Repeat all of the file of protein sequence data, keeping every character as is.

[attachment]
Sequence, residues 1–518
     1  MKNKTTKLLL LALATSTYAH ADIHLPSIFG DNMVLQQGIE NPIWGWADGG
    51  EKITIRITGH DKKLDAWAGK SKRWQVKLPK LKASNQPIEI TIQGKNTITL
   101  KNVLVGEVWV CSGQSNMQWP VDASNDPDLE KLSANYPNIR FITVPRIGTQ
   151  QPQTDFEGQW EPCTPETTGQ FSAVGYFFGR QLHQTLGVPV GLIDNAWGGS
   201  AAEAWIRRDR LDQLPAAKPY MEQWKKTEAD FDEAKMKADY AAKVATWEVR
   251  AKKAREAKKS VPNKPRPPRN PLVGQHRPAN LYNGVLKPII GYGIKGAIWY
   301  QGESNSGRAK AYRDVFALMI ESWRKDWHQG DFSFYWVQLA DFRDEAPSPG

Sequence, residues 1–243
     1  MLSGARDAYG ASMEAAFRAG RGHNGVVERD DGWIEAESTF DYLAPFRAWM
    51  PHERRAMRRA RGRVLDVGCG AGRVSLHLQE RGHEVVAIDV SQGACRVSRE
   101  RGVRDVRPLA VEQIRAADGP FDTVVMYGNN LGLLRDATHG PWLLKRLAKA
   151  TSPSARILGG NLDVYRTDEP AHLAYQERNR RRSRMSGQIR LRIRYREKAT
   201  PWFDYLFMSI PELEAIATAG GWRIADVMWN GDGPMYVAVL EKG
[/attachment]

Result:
Sequence, residues 1–518
     1  MKNKTTKLLL LALATSTYAH ADIHLPSIFG DNMVLQQGIE NPIWGWADGG
    51  EKITIRITGH DKKLDAWAGK SKRWQVKLPK LKASNQPIEI TIQGKNTITL
   101  KNVLVGEVWV CSGQSNMQWP VDASNDPDLE KLSANYPNIR FITVPRIGTQ
   151  QPQTDFEGQW EPCTPETTGQ FSAVGYFFGR QLHQTLGVPV GLIDNAWGGS
   201  AAEAWIRRDR LDQLPAAKPY MEQWKKTEAD FDEAKMKADY AAKVATWEVR
   251  AKKAREAKKS VPNKPRPPRN PLVGQHRPAN LYNGVLKPII GYGIKGAIWY
   301  QGESNSGRAK AYRDVFALMI ESWRKDWHQG DFSFYWVQLA DFRDEAPSPG

Sequence, residues 1–243
     1  MLSGARDAYG ASMEAAFRAG RGHNGVVERD DGWIEAESTF DYLAPFRAWM
    51  PHERRAMRRA RGRVLDVGCG AGRVSLHLQE RGHEVVAIDV SQGACRVSRE
   101  RGVRDVRPLA VEQIRAADGP FDTVVMYGNN LGLLRDATHG PWLLKRLAKA
   151  TSPSARILGG NLDVYRTDEP AHLAYQERNR RRSRMSGQIR LRIRYREKAT
   201  PWFDYLFMSI PELEAIATAG GWRIADVMWN GDGPMYVAVL EKG